Your rights as a worker

SOMETIMES a freelance works as a pure entrepreneur - licensing a photo or an article to a publication, working from home or in the field. Sometimes we go into publications' offices - to do a day's picture editing or sub-editing for example. Sometimes we have regular gigs that involve going into an office on set days each week - often for years on end, often without a written contract.

And, too often, the bean-counters look at the gross profit margins and yell "fire all the freelances" - thereby demonstrating their lack of understanding of the relevant law. Usually they hire many people back when reality hits. But when such a long-term arrangement is terminated, it can feel devastating. But you may get some financial relief.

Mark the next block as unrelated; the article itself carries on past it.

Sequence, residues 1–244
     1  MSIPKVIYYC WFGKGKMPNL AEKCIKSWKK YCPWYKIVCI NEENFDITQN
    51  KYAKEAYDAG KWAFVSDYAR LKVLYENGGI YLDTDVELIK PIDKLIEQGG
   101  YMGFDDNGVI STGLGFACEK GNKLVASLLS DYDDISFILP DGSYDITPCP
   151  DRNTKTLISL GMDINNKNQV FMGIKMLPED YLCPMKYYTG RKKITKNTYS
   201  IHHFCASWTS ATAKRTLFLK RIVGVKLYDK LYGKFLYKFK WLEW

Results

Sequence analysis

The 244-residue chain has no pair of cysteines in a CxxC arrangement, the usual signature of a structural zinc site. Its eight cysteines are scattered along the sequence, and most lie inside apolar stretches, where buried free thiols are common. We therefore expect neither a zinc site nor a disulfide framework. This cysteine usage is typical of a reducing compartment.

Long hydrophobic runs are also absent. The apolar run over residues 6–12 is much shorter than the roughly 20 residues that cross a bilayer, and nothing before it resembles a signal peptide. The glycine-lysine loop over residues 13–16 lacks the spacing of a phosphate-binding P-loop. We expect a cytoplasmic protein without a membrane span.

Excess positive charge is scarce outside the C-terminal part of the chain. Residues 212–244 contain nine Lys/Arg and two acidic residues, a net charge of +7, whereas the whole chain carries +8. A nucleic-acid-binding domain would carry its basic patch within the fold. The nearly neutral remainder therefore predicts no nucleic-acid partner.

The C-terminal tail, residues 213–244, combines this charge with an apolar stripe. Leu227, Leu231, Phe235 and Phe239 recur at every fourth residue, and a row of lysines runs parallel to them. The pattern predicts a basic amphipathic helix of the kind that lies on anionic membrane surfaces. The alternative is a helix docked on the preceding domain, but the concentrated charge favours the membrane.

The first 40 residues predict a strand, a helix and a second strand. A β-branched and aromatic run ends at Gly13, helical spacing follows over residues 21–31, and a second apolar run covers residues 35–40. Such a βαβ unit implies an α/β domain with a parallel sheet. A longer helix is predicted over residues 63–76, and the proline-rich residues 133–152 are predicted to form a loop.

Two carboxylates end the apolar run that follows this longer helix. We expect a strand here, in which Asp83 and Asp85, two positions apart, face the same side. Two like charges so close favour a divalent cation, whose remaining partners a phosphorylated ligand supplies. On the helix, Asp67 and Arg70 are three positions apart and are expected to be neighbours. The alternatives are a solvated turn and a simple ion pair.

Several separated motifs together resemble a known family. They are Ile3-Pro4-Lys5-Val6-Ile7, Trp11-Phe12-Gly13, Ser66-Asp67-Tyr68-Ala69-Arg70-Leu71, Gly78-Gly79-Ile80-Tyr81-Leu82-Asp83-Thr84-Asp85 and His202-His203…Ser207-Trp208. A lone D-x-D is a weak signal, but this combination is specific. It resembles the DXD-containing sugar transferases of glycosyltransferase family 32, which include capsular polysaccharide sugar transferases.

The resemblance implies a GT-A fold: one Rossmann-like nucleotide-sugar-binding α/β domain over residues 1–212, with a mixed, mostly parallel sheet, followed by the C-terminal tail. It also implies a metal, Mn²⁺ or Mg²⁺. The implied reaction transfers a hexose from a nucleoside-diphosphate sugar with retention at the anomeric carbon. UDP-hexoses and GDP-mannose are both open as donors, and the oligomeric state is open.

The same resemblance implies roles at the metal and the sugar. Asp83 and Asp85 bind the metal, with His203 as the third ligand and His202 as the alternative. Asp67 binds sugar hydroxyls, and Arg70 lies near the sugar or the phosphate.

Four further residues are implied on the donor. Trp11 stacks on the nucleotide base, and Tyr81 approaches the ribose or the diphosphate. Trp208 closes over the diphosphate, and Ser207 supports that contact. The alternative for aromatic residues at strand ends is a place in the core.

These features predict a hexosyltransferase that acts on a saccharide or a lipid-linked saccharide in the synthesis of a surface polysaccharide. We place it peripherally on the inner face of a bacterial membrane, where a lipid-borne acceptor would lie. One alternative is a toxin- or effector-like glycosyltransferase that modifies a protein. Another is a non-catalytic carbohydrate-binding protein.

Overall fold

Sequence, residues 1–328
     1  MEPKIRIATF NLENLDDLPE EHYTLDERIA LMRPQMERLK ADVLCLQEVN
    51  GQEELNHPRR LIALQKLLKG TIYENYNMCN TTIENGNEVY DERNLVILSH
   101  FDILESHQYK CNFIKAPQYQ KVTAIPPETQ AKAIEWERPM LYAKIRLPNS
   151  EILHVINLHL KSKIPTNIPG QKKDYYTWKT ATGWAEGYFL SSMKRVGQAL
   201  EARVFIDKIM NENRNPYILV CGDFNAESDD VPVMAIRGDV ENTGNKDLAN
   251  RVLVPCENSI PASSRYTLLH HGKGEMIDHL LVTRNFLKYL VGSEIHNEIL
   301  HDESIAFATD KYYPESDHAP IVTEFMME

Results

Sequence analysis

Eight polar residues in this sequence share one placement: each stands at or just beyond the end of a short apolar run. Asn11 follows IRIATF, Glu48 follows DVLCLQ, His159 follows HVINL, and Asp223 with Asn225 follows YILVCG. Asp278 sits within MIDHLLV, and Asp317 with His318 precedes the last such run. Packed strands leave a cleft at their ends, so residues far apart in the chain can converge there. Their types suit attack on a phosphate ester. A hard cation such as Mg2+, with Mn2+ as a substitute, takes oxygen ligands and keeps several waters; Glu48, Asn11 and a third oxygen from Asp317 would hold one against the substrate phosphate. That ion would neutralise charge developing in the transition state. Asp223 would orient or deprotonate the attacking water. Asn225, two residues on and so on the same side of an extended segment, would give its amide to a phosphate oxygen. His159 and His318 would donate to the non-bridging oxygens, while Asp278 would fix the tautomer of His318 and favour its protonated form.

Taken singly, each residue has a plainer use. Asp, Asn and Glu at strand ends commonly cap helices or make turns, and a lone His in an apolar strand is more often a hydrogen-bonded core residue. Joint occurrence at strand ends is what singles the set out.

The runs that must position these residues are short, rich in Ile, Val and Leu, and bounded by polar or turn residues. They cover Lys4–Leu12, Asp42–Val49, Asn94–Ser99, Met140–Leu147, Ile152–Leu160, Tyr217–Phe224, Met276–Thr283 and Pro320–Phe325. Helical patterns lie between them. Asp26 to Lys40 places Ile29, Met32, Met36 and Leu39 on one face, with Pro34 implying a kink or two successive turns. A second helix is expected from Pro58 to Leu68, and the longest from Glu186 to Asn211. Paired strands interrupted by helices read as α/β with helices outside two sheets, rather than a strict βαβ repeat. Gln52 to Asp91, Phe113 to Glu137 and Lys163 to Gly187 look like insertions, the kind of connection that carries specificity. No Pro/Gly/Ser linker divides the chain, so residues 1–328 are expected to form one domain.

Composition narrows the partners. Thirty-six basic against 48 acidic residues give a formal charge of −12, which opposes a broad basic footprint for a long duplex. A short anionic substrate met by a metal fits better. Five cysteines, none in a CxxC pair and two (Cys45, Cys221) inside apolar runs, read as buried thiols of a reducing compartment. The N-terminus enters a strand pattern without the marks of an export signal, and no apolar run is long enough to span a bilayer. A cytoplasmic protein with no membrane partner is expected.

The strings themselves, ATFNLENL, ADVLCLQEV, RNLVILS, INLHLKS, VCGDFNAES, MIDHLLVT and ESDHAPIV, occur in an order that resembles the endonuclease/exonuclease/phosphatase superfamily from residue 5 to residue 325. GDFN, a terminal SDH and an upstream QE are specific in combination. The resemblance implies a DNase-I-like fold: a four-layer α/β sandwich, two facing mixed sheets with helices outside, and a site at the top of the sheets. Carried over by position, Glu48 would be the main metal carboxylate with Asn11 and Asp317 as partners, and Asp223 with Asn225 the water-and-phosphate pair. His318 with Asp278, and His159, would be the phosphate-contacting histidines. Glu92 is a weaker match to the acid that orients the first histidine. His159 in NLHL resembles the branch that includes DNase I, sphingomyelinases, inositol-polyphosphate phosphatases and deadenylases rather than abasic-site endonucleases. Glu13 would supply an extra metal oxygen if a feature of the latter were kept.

There is no either-or distinction between being "freelance" and "employed". EU law has moved toward dealing with the rights of "workers" - even for those who have contracts that claim to define them as "not employed". As a "worker" you may be entitled to holiday pay pro rata for a single shift - see page 1. If you work very regularly for one client you may be entitled to compensation if they drop you.

The Freelance knows of a member who got a four-figure sum after the NUJ Freelance Office sent a one-line email asking about the consultation procedure that was followed when their post was made redundant. There had been none.

Courts and tribunals decide on a case-by-case basis. See the Freelance Fees Guide here for detail, and if you're an NUJ member contact freelanceoffice@nuj.org.uk if in doubt.